Food, Family and Tribe

When we think of food many of us will have links to family, and family memories are often involving food

For me what comes to mind are various phrases and headings such as “Family food”, “Food with family”, “Family favourites”, “Family traditions”, “Feeding the family”, “Family celebrations”, “Food and memories”, “Family meals out”,  “Food and family holidays”, “Family food rituals”, “Family feasts”, “Family festive celebrations” and so on and there’s more I am sure that you may think of too.

All these things come to mind as I think about these two words. All good hey? Sounds so positive and nutritious.

Having experienced the variety of physiological needs, meal timings, food preferences and various intolerances that exist in family meals, food and family can mean stress too.

There can be the negative experiences we can all have, food forced on us when younger age when perhaps we aren’t mature enough to tolerate or value, food that are chosen by our parents or grandparents, our children, and our partners, that aren’t what we want or that we know is good for us. Eaten because it’s just expected or perhaps there’s no other choice. Food that our family have had and eaten as habits and a family norm even though they may not be good for our own health. Family habits of eating at different times and places, alone or together in disharmony or chaos leading to a potential of a poor experience. Food and family maybe for us tinged with a negative feeling too. It’s complex.

Life is far more demanding than even as recent as 10 or 20 years ago with a lot more input from technology and expectation, nutritional advice, and health information overload. We often have little time free for long, relaxed meals and the preparation they need, even time to think and plan it all even if we knew what was best. It can leave us confused and unsure how to knit it all back to a place where food and family can work better together.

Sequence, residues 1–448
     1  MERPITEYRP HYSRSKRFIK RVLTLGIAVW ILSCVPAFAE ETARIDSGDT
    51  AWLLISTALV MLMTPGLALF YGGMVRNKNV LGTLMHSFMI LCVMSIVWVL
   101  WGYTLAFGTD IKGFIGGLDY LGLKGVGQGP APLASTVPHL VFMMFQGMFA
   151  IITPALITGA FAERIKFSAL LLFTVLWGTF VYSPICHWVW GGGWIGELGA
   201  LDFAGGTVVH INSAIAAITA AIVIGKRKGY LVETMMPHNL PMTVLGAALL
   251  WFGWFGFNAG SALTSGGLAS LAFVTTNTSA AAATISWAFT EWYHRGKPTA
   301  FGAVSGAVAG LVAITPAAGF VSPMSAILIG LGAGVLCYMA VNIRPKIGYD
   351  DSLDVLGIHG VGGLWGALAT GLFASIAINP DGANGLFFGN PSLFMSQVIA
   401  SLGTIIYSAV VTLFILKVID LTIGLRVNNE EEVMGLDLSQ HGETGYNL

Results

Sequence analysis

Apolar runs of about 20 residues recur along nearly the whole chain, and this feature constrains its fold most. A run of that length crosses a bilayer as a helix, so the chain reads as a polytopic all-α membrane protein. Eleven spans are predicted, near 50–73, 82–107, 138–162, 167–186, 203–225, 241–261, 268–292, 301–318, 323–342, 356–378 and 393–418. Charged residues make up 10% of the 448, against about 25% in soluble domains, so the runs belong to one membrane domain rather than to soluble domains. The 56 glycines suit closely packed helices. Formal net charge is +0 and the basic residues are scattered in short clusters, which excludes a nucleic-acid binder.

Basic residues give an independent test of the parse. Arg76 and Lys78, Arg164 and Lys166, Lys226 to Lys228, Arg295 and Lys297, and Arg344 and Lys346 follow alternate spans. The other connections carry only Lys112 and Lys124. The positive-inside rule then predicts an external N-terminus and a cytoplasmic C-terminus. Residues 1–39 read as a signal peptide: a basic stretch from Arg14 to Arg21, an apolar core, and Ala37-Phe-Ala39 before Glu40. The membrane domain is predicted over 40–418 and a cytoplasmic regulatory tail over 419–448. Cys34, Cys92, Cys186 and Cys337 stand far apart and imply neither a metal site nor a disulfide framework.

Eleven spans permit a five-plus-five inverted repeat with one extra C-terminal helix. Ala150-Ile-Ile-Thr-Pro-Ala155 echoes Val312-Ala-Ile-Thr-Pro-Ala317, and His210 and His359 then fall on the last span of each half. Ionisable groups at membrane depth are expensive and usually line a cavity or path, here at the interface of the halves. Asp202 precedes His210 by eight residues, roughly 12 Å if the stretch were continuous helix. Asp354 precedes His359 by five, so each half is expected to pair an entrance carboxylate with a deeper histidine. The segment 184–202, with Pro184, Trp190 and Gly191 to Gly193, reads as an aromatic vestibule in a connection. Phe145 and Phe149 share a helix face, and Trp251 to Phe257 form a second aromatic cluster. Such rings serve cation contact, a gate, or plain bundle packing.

It doesn’t have to be that way. Or does it and do we need to rethink Family and Food for ourselves?

My next questions to myself are where does being healthy and family fit together and how can we make it work easily in the real-life situation?

There’s plenty of evidence to show that the benefit of connection and being part of a tribe benefits not only our physical health but our mental wellbeing, confidence, sense of belonging and esteem too. As family everyone benefits. The parents can use this time for positive parenting techniques and teaching things like respect, acts of service and good eating habits. The outcome of this set up around the table allows for us to show support, share knowledge and skill sets, lending a hand to provide the meal and creating a positive and supportive environment to eat, talk and get positive feedback. With family on side with a mission to eat together, whatever the food there’s benefits of connection, psychosocial support, and opportunity to personally express ourselves. There’s evidence to show that when this happens teens are more likely to eat more veg and fruit and less fast food too.

And it doesn’t have to be at dinnertime – this could be over a lunch or brunch together at the weekend. Whatever fits your own family dynamics.

And this is a meal where we are all present, all agreeing to be off our phones, or devices, or watching TV. This is just us and the food!

Add to this combination of connection and being present with good healthy food choices and it can be a recipe for massive success not only for the individual’s health and wellbeing but for what the family represents as an entity!

Where do Food choices fit into Family?

Food choices and can be handed down generation to generation, person to person,

Now, let’s get historical and ask where did the family meal begin its life?